Today in #OpenGov 9/17/2013

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National News

  • The famously dysfunctional 113th Congress has been a boon to offices on K street looking to scoop up top level Republican talent growing frustrated with life on Capitol Hill. GOP leadership offices in the House and Senate have lost numerous aides to top level lobbying jobs since the 112th Congress. (POLITICO)
  • Despite the Obama White House’s often contentious relationship with the press more than 20 prominent journalists have taken jobs with the administration since 2009. There is a long history of journalists revolving into politics and vice versa, but conservatives complain that the practice is more prevalent on the left. (POLITICO)
  • Central Intelligence Agency contractors do their fair share of lobbying, but the giant intelligence agency doesn’t have any plans to make their disclosures public. The CIA denied a FOIA request by POLITICO, claiming that it could not “confirm nor deny the existence or nonexistence or records,” relating to the lobbying efforts of contractors. Federal contractors are supposed to file public OMB form LLLs, but there is sketchy compliance and no system to track them. (POLITICO)

International News

  • More than 200 individuals and groups from all sectors are teaming up to promote transparency in Taiwan. The new alliance will promote open data, and has already received a positive reaction from some in government who have agreed to open more data this year. (Tech President)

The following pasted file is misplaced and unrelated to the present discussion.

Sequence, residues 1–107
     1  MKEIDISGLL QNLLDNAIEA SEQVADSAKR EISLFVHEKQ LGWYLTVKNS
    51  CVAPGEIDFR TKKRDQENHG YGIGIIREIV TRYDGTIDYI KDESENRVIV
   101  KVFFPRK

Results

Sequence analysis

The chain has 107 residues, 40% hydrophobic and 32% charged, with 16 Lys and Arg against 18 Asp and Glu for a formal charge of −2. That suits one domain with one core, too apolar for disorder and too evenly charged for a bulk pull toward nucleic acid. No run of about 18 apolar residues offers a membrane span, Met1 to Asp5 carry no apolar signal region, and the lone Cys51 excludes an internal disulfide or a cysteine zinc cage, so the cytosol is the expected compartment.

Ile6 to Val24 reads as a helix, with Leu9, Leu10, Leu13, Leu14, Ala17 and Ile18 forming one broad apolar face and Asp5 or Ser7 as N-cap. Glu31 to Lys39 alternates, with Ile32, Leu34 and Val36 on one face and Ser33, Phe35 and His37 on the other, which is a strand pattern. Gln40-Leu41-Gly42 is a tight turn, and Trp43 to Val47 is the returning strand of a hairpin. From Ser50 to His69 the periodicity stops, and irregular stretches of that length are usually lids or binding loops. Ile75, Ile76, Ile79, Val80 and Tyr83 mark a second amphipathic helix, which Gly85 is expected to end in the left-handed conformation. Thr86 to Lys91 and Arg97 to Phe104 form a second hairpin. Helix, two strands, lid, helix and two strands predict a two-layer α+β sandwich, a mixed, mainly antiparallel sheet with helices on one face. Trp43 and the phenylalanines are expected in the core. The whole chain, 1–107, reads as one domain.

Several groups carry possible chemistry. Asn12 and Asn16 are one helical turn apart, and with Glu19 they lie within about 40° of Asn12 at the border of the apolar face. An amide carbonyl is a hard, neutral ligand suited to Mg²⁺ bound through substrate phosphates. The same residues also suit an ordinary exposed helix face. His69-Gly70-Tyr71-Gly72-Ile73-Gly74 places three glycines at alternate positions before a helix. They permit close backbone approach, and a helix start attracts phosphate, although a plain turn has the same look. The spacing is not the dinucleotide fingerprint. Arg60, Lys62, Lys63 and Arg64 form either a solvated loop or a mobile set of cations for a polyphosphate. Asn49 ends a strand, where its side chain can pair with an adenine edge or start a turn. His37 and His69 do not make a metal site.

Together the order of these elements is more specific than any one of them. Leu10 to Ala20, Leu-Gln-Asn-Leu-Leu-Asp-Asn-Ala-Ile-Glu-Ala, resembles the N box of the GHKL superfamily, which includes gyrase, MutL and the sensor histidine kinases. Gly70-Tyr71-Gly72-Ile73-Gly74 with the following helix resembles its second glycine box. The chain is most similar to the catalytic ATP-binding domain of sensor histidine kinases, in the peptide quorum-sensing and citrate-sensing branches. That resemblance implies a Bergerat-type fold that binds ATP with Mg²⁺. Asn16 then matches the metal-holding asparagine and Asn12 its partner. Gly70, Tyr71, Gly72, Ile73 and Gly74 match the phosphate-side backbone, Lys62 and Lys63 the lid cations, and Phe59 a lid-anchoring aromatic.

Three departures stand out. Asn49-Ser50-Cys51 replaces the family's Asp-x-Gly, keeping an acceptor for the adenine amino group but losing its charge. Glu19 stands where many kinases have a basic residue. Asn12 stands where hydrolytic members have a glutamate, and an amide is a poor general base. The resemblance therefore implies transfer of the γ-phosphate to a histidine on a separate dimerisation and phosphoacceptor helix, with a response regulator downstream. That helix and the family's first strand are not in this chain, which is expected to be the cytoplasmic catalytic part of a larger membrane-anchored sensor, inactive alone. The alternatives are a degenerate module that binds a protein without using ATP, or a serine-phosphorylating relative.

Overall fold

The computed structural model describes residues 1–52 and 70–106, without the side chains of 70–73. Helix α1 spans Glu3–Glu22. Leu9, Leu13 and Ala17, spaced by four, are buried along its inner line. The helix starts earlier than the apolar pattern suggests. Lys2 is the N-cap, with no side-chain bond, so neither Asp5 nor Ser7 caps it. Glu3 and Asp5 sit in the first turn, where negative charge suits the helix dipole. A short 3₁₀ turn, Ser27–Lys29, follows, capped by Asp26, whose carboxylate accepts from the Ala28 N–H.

• Historically in China, officials that take bribes are looked on with more scrutiny than those that offer the bribes in the first place. However, several recent cases indicate that this might be changing as high profile industry officials have been convicted on bribery charges. (The FCPA Blog)
  • Following some big procurement scandals in Singapore, the nation’s developer of industrial infrastructure Jurong Town Corporation is turning to data analytics in an attempt to screen for irregularities and avoid procurement fraud. (Future Gov)

State and Local News

  • A Wisconsin State Senator is mounting a fight against an open records claim that could have a serious impact on the state’s open records law. State Sen. Leah Vukmir is countersuing the Center for Media and Democracy, claiming that she can’t be sued under the open records law while in office. If successful, Vukmir’s suit will allow all state legislators to withhold information from public request. (Milwaukee Journal Sentinel)

Events Tomorrow

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